Bi-directional roles of bone morphogenetic proteins in cancer: Another molecular Jekyll and Hyde?

Authors


Correspondence: Kohei Miyazono, MD, PhD, Department of Molecular Pathology, Graduate School of Medicine, The University of Tokyo, Bunkyo-ku, Tokyo 113-0033, Japan. Email: miyazono@m.u-tokyo.ac.jp

Abstract

Bone morphogenetic proteins (BMPs) are multi-functional cytokines, which belong to the transforming growth factor-β (TGF-β) family. In some cancer tissues, aberrant expression of various BMP signal components has been detected. Here, we describe the divergent roles of BMPs during the progression of cancer. BMPs exhibit various effects on both cancer cells and on tumor microenvironments. BMPs inhibit the proliferation of cancer cells, with some exceptions. BMPs also induce the differentiation of certain cancer stem cells, and attenuate their aggressiveness. In parallel, BMPs play a critical role in the regulation of tumor angiogenesis and the metastasis of cancer cells. Some mouse xenograft models have revealed that cancer metastases are prevented by the inhibition of BMP signaling. Together, these findings imply that BMPs function as both suppressors and promoters of tumors in a context dependent manner. The bi-directional characteristics of BMPs in cancer are similar to those of TGF-β, which was previously described as a molecular ‘Jekyll and Hyde.’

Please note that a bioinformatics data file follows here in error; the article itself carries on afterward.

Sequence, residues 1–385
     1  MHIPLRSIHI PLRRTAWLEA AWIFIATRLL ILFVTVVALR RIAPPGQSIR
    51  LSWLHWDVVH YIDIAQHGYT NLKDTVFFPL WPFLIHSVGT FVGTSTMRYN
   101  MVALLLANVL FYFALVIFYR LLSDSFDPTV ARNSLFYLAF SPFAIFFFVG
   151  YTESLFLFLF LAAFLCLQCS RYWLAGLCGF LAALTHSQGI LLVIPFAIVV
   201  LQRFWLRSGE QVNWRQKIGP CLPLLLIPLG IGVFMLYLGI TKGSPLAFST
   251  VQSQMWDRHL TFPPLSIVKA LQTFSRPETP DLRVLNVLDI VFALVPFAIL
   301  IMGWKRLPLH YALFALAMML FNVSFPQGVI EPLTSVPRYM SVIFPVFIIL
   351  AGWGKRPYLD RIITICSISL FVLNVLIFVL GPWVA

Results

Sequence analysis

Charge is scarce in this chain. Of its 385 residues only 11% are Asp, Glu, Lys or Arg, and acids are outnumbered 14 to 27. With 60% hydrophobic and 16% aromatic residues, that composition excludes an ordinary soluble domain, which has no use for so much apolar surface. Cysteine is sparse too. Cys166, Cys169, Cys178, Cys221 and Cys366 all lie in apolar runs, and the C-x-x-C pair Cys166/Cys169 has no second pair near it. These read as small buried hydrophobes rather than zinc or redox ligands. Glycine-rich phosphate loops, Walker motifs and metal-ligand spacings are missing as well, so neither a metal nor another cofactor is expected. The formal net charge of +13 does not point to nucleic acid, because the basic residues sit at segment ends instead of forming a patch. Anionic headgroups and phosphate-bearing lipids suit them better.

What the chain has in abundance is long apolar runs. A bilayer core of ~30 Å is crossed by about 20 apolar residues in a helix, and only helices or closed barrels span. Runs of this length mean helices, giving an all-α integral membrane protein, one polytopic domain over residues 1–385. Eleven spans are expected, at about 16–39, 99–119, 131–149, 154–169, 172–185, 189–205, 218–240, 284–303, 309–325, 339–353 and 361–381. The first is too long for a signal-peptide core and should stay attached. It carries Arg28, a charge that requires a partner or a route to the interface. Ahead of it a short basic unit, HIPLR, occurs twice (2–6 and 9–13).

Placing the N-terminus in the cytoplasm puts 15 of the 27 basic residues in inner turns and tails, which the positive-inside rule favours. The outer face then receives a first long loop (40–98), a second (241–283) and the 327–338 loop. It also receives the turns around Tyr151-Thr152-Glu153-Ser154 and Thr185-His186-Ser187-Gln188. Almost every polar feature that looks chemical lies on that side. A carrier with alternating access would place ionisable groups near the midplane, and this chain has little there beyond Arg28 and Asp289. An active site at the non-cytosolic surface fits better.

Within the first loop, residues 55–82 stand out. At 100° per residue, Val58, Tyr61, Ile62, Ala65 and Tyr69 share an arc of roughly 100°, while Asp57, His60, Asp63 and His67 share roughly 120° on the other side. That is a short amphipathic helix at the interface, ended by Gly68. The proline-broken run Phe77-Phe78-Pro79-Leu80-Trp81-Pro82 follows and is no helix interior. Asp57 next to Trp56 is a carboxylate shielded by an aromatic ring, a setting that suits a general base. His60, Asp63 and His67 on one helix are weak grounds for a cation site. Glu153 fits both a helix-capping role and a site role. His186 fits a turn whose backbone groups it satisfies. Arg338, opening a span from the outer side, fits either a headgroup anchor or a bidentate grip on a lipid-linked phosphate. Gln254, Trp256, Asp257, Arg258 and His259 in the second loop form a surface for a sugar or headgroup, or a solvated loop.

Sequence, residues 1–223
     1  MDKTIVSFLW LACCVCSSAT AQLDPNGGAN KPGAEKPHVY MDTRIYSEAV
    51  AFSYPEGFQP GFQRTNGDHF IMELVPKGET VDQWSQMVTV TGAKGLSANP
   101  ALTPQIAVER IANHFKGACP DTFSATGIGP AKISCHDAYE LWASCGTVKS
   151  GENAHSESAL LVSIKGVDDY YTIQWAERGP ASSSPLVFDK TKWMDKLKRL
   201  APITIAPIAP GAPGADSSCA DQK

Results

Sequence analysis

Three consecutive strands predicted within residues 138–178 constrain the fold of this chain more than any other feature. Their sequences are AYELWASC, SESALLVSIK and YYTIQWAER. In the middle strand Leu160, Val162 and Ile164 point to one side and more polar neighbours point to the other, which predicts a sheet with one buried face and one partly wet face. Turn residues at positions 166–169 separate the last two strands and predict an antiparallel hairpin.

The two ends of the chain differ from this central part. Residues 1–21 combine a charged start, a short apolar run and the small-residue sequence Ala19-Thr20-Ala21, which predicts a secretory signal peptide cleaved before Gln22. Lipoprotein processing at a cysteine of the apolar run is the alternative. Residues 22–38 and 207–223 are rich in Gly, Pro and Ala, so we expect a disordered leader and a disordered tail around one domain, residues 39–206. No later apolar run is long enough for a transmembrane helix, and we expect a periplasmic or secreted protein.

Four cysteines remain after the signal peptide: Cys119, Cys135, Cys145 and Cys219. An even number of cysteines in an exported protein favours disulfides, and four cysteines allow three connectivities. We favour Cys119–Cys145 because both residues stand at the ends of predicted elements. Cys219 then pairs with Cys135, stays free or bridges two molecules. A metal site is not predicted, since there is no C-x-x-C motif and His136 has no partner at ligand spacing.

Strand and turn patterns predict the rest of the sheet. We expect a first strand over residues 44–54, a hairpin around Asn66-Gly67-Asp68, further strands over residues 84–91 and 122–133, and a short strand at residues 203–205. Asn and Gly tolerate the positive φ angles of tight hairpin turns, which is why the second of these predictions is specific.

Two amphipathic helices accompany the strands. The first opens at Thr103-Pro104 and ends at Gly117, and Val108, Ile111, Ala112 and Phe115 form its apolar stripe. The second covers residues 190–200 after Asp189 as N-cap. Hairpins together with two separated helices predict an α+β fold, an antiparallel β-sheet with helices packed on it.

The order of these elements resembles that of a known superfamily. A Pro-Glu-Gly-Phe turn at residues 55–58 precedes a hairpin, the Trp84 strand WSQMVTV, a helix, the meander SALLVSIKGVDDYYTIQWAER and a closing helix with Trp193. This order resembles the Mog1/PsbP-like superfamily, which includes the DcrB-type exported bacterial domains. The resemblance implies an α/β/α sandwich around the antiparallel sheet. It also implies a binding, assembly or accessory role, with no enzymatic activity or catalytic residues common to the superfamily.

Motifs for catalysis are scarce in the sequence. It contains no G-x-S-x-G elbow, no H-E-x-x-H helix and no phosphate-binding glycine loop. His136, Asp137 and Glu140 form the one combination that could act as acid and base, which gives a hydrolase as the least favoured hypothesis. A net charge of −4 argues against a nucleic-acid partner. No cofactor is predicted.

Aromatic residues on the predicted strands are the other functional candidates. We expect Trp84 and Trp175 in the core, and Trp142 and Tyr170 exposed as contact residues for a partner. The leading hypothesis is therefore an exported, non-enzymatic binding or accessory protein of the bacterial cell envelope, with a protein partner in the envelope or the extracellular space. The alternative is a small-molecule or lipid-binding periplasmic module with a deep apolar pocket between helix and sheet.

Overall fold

Ancillary